This anthology was read for the Africa Reading Challenge hosted by Kinna.
Alifa Rifaat, an Egyptian, in this fifteen (15) short story anthology, convincingly lifts the veil on what it means to be a woman living within a traditional Muslim society. Her writing articulates a subtle revolt against, and a sympathetic insight into, the place of women in the essentially male-dominated Islamic environment. In her stories, Alifa Rifaat does not call on her fellow Arab women to fight for their rights; her clarion call is not for the women to be up in arms against their men or the male dominated society. What her stories do is to rally Arab/Muslim women to assess their positions as mothers, wives, and sisters and redefine these positions in the context of their religion and its dictates.
The Muslim religion plays a very dominant role in Rifaat’s stories, as is characterised by the numerous call for prayers and the observance of the rotes of the religious rituals. But even here, one cannot help but glimpse beneath the surface, the routine and rather monotonous and even meaningless nature that these five daily prayers have come to assume, so that for Widad in the Kite, it is the sight of her cherished chickens as she blows kisses to them every morning that makes her see the generosity of her Maker.
“She regretted that it was only through such gestures and the uttering of a few simple supplications that she was able to render her thanks to her Maker………Ahmed had often tried to make her memorise some verse of the Quran but she had never succeeded in doing so, and thus with his death, she had given up performing the regular prayers…….”p109
Nevertheless, religion plays an important role in the lives of Rifaat’s women in her stories; indeed, Rifaat seems to question not the strict adherence to the religion, but the interpretation of the tenets of the Quran by the society in which she was born and brought up. By her stories, Alifa Rifaat calls for change and development, and even empathy, but the call is couched in specifically Arab terms. Her inspiration lies not in the Women’s Movement of the West but remains within a strictly religious, even Orthodox Quran framework.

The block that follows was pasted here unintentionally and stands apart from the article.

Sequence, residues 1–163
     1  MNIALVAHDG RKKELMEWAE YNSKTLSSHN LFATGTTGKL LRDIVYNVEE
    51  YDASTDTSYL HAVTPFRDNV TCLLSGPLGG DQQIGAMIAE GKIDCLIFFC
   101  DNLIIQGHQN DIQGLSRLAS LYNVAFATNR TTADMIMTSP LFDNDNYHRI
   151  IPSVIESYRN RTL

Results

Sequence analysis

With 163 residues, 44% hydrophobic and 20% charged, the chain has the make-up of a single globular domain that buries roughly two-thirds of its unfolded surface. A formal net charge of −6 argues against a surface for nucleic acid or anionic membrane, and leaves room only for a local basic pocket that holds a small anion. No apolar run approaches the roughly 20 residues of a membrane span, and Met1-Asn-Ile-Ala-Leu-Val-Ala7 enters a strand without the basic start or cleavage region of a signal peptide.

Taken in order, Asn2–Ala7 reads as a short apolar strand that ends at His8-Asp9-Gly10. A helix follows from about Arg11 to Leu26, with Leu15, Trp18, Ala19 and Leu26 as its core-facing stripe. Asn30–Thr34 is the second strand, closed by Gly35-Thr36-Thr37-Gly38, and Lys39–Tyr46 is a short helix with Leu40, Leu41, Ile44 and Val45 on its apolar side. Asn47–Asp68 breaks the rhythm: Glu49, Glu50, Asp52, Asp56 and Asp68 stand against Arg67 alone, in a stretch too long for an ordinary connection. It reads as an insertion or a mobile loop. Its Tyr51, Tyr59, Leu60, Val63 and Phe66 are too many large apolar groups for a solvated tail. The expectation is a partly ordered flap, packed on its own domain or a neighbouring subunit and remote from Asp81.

Alifa Rifaat also discusses issues that would be regarded as taboo by some Muslim countries; issues relating to sex and sexual pleasure for married women. For instance the title story, The Distant View of a Minaret, The Long Night of Winter and Bahiyya’s Eyes tell of sex-starved married women and their strong desire to be sexually fulfilled. I noted that her stories treated varied ranges of unsatisfactory sex within the confines of marriage and my conclusion is that this issue maybe tied in with the traditional religious interpretations of the society. Again, Rifaat is not concerned with sexual pleasures outside marriage. She is not celebrating adultery which she sees as a sin; her concern is with the empowerment and right of the Muslim married woman to have control of her sexuality and to be able to demand and receive sexual gratification, within the confines of marriage.
Another common thread in her stories is forced marriages and inevitably loveless marriages. While I believe strongly that these issues may and indeed do exist in other societies where heavy tradition and culture may play a significant role in the socialization of an individual and ultimately may have some effect on her/his marriage, what Rifaat is portraying here is a direct link between her religion and its interpretations by her society which has brought so much pain and suffering for the Muslim woman. It is not too much to ask that the Muslim man treats his wife with some degree of love, respect, kindness and generosity as endorsed by the Quran.
In dealing with such everyday themes as sex, love and death, the writers does so within the confines of her own particular culture and set of moral values so that at the end of the day, what she does is to challenge these values and interpretations to reassess the plight of women, while celebrating their courage and fortitude in the face of so much odds.
I enjoyed all the fifteen (15) short stories in the anthology and would recommend it to anyone interested in knowing about Arab women, culture and literature. Another book to recommend is the Arab Women Writers An Anthology of Short Stories, Edited by Dalya Cohen-Mor.